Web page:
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103 Colum. L. Rev. 689 (2003)
Reparations for Slavery and Other Historical Injustices

handle is hein.journals/clr103 and id is 733 raw text is: ESSAY
Eric A. Posner* & Adrian Vermeule**
Victims of historical injustices who have no positive law claim against
wrongdoers often seek reparations from governments, and occasionally they
obtain them. The best known reparations programs are those for Japanese
Americans who were interned by the United States government during World
War II, and for victims of the Nazi Holocaust. But there are several other
less well known programs both in the United States and abroad, and there
are countless proposals for new reparations programs, including a proposal
for slave reparations in the United States. The moral and political argu-
ments for and against reparations in diverse contexts have received consider-
able attention, but problems of legal and institutional design have received
almost none. This paper fills the gap in the literature by analyzing the vari-
ous design options for reparations programs, their legal and constitutional
bases, and their relationship to the standard moral and political arguments
about reparations.
In this paper we provide an overview of the conceptual, legal, and
moral issues surrounding reparations. We aim to provide all participants
in these debates with analytic tools that may be used to sort out the good
normative arguments from the bad, whatever their political valence. And
we argue that a normative recommendation for or against any particular
grant of reparations must be highly sensitive to the question of how the
reparations scheme is to be designed; the question of whether repara-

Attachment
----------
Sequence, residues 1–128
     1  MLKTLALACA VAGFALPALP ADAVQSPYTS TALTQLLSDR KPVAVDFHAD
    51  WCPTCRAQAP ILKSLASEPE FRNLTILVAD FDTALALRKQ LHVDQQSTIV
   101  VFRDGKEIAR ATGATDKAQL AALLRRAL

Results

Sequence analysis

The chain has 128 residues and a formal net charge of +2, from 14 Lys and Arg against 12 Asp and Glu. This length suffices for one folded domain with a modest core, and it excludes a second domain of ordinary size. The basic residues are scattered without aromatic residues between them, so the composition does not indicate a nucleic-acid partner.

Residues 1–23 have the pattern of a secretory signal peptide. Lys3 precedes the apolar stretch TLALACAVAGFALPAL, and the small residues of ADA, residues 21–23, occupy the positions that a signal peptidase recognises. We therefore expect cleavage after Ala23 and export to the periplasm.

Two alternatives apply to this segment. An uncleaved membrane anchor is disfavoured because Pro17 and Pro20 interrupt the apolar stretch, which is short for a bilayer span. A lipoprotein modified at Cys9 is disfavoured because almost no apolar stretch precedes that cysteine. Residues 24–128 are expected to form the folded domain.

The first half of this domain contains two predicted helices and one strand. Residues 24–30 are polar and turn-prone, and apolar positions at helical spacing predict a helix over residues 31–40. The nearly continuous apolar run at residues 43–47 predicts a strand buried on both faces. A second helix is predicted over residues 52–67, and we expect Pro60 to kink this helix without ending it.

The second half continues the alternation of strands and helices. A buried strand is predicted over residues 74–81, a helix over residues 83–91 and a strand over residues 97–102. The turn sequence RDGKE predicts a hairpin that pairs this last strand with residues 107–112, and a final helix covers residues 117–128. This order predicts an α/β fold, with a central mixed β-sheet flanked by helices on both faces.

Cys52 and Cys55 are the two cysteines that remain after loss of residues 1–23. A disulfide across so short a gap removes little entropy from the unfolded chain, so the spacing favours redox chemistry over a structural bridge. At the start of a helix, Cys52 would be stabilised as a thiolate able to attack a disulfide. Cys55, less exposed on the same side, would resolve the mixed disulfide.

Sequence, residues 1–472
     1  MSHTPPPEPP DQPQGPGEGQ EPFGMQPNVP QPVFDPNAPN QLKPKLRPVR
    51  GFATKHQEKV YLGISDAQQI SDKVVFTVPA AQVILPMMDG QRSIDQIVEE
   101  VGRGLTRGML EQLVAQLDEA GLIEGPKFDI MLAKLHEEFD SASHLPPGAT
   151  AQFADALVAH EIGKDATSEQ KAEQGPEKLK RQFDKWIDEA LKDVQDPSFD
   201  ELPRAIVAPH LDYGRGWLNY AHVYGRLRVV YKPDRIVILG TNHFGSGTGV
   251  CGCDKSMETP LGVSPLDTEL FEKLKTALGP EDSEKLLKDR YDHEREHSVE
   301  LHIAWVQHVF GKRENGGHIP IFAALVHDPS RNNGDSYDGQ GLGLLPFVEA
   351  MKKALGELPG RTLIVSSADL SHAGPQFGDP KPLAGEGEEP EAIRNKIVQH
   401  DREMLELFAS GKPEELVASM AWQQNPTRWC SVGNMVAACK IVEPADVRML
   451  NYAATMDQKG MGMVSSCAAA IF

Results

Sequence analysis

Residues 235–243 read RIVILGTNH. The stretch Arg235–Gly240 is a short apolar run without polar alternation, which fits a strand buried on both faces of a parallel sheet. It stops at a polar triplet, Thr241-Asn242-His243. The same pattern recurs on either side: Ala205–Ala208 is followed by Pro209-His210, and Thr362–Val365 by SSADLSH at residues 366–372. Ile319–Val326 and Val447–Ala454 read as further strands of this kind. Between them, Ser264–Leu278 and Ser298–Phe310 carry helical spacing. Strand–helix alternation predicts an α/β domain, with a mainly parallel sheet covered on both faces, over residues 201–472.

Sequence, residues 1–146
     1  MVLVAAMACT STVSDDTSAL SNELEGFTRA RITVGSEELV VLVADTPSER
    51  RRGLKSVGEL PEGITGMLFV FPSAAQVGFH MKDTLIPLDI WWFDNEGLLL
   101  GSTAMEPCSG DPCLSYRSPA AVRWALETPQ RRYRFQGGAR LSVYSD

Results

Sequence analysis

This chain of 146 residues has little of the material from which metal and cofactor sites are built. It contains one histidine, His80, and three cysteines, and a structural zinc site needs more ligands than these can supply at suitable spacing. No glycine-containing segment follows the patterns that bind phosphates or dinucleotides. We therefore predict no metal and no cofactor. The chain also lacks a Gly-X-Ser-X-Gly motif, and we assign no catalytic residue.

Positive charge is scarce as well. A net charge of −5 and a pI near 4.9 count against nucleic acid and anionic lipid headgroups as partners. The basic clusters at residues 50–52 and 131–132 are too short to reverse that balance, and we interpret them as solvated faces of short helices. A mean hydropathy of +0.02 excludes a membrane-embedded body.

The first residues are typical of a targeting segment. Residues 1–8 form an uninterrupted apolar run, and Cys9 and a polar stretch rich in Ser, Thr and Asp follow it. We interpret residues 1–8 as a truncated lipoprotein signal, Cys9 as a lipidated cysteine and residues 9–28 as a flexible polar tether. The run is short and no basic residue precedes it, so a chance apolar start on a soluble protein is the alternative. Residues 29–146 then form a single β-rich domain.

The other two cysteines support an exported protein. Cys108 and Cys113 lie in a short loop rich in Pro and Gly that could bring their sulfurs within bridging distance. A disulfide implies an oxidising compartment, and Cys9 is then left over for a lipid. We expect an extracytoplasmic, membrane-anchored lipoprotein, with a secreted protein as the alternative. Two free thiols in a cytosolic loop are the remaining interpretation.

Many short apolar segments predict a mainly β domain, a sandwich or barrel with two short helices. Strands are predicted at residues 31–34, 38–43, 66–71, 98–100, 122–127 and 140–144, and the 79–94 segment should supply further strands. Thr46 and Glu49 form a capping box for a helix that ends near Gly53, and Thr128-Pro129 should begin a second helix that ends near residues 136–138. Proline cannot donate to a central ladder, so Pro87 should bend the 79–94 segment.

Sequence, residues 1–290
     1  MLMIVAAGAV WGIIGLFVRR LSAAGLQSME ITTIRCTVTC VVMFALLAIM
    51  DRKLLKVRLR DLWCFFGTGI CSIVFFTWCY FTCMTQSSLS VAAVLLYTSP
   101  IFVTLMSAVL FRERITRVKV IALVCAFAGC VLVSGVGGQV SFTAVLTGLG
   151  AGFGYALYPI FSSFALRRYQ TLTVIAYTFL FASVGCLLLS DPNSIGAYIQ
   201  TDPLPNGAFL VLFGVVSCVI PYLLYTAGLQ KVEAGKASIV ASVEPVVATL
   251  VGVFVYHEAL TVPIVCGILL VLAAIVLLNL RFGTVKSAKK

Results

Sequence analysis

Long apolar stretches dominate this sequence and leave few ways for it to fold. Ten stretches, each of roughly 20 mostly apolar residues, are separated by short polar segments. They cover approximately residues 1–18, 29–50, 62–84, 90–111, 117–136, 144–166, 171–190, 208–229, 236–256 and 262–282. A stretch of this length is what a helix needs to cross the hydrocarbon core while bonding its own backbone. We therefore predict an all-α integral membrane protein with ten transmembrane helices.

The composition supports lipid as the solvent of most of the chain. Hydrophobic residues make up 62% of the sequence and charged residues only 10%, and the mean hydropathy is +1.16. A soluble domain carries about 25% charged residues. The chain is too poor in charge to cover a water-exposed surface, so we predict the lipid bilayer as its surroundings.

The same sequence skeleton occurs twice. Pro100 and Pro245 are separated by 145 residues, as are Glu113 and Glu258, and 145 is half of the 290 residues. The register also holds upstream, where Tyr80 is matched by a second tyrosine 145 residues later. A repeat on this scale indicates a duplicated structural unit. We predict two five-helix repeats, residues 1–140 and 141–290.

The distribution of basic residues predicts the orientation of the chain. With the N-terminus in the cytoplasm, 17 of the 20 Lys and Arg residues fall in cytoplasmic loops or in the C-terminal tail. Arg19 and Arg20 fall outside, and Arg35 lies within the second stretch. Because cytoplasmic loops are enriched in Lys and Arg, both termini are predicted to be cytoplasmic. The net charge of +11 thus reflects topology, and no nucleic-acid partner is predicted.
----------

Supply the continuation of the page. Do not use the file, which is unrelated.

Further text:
tions should be paid turns crucially on choices about the form of pay-
ment, the identity of the beneficiaries, the identity of the parties who will
bear the costs of payment, and so forth. The prudential and institutional
issues surrounding reparations schemes, in other words, are as important
as the high-level questions about justice and injustice that are usually the
focus of reparations debates.
These claims are intended to fill large gaps in the literature. Despite
a cascade of recent writing on reparations, and on associated topics in
* Kirkland & Ellis Professor of Law, The University of Chicago.
** Professor of Law, The University of Chicago.
We thank Larry Alexander, Jim Dwyer, Michael Greene, Chris Kutz, Jacob Levy, David
Strauss, and participants at workshops at the University of Chicago, Stanford, William &
Mary, and George Mason, and thank John Griffin and Eric Truett for valuable research
assistance. Posner thanks The Sarah Scaife Foundation Fund and The Lynde and Harry
Bradley Foundation Fund for financial support; Vermeule thanks the Russell J. Parsons
Research Fund for the same.


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